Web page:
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Cuba Tape Casts a Shadow Over Fox's Domestic Agenda

Mexico: Battle with Congress will be tougher after release of recorded conversation with Castro.


MEXICO CITY — President Vicente Fox will face even greater problems pushing his stalled domestic agenda through an opposition-dominated Congress after an embarrassing clash between his government and Cuba, analysts said Tuesday.

Cuba's release Monday of a taped telephone conversation between Fox and President Fidel Castro shows that the Mexican leader applied pressure on his Cuban counterpart to depart early from a summit last month in Mexico to avoid a potentially awkward encounter between the Communist leader and President Bush.

The tape, roundly criticized as an underhanded ploy by Castro, nevertheless reveals that Fox was less than candid in his earlier statements to the Mexican public that Castro had left early of his own free will.

The tape also suggests that Fox was accommodating the American president at Castro's expense, which rankled critics of the Mexican leader's pro-U.S. policies. Fox has achieved little in terms of the concessions he has sought from the Bush administration on issues such as immigration and cross-border infrastructure, the critics say.

The tape will put Fox's ambitious legislative agenda in even deeper jeopardy than it was, facing as he does a divided and increasingly hostile Congress dominated by the traditionally pro-Cuba Institutional Revolutionary Party, or PRI. Fox's reform efforts last year largely fell flat, and the tape incident will make bending Congress to his will even tougher this year, observers said.

"This is another irritant in the relationship between Fox and the PRI, which makes the PRI less disposed to pass reforms they don't want to pass anyway," said Pamela K. Starr, professor of political science at the Autonomous Technological Institute of Mexico.

Fox is locked in a power struggle with the PRI, the long-ruling party that he dislodged from the presidency in 2000. Fox and Congress have been fighting for powers that previously were held by the PRI, Starr said.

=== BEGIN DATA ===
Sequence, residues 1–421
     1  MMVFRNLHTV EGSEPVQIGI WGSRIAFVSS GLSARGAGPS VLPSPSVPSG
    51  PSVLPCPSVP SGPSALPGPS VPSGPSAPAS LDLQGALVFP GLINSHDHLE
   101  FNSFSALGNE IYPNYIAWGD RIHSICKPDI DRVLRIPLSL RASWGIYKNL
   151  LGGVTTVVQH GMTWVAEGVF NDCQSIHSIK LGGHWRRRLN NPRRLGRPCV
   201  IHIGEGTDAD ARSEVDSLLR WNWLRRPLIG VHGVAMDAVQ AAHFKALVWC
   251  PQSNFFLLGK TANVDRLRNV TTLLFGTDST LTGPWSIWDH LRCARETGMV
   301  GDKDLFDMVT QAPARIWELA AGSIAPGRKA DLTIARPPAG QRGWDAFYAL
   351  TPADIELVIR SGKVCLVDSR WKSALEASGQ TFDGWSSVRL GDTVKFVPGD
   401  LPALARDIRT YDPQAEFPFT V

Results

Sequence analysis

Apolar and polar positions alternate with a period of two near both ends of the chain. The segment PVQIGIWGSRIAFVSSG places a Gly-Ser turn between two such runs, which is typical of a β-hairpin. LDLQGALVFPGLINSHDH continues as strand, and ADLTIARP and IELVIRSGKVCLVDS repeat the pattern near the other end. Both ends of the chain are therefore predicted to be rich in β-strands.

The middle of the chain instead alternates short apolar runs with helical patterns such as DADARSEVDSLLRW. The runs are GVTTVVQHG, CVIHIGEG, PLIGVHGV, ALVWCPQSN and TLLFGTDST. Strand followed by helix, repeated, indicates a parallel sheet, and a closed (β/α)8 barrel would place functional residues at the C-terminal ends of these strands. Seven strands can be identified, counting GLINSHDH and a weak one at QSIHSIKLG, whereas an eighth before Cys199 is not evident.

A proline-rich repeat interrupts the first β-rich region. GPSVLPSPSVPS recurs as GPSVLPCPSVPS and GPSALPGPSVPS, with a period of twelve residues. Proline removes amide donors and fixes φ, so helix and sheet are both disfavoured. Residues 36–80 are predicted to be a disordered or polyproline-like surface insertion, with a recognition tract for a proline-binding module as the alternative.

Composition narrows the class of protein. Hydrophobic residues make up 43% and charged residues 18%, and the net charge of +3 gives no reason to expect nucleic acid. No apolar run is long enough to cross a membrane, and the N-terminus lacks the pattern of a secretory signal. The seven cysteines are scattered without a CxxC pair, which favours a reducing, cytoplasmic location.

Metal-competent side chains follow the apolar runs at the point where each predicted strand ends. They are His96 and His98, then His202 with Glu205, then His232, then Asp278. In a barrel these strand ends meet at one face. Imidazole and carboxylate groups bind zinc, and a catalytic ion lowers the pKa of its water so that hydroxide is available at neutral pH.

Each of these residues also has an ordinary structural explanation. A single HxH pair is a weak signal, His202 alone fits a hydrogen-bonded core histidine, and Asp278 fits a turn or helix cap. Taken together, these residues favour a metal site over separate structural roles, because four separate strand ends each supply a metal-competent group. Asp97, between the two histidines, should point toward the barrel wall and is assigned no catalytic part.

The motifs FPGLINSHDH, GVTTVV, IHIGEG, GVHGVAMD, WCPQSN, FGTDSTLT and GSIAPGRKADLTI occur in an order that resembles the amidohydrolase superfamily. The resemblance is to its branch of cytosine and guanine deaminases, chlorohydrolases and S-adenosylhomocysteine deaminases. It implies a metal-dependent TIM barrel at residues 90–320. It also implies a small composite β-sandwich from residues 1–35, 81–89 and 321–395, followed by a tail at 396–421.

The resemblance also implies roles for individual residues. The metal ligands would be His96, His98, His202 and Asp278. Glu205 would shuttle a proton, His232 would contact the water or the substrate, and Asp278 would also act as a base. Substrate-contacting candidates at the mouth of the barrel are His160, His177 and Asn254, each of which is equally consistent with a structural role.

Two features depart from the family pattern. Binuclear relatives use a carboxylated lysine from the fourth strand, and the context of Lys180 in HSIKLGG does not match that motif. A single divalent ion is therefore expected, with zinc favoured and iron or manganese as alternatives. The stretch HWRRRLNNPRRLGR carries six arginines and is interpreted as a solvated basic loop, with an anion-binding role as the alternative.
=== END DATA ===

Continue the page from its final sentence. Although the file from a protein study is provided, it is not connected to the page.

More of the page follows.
Pressure has been mounting on Fox--both domestically and internationally--to do something on the reforms he promised as a candidate. But his efforts have been frustrated in Congress, where his National Action Party is in the minority.

At issue could be billions of dollars of foreign investment that hinge on reforms to Mexico's inefficient infrastructure and corruption-prone judicial system. Only last month, Fox got an earful from U.S. auto industry executives who warned that he might see investment leave Mexico unless changes were made.

"As for external damage to Mexico, there isn't any, even if there is a break in relations with Cuba," said Jose Antonio Crespo, political analyst at the Center for Economic Research and Teaching here. "But internally, yes--for the paralysis this will generate for Fox's initiatives, the difficulties he will have in advancing them."

Mexico's changing policy toward Cuba has been a tinderbox. As Fox has distanced himself from Castro, the PRI and the left-leaning Democratic Revolution Party, or PRD, have criticized him bitterly, maintaining that the nation's relationship with Cuba is essential to maintaining Mexico's independence from U.S. foreign policy.

Castro was outraged by Mexico's decision Friday to vote in favor of a United Nations measure calling on Cuba to allow human rights inspections. The vote showed Mexico's sea change of attitude under Fox: In past years, Mexico had abstained from votes critical of Cuba's human rights record.

Now the PRI has even more ammunition with which to fight the Mexican president's proposals. Though Fox argues that such reforms would boost the economy, opponents say they would surrender state-owned resources and services to U.S. corporate control.

"Fox has to dispel the notion that he lied," said Denise Dresser, a senior fellow at USC's Pacific Council on International Policy. "The opposition is having a field day with this. It underscores what they have been saying all along, which is that Mexico has submitted itself to U.S. wishes."

Opposing legislators, including Sen. Silvia Hernandez of the PRI, took off the gloves Tuesday. She called on Fox from the floor of Congress' upper chamber to "return to the path of truth and respect for the principles that have brought us stability as a nation."

The PRD party president, Rosario Robles, also slammed the nation's leader, declaring: "President Fox lied to Mexicans. If he lied to his country on a theme as important as foreign policy, what is happening in other areas?"

Fox spokeswoman Alicia Buenrostro responded that "keeping silence on something which has been previously agreed to as private is not lying. It is honoring a commitment of privacy. Fox spoke to a friend, and Castro spoke to a tape recorder."

The tape is the latest and ugliest turn of events in the Cuba-Mexico melodrama, which has been ongoing since Castro abruptly left the U.N. development summit in Monterrey in a huff last month.

Mexican Foreign Minister Jorge Castaneda told a radio reporter Tuesday that his nation had no plans to cut diplomatic relations or recall its ambassador.

In a nearly four-hour discourse Tuesday night, Castro railed against the Fox administration for its policies.

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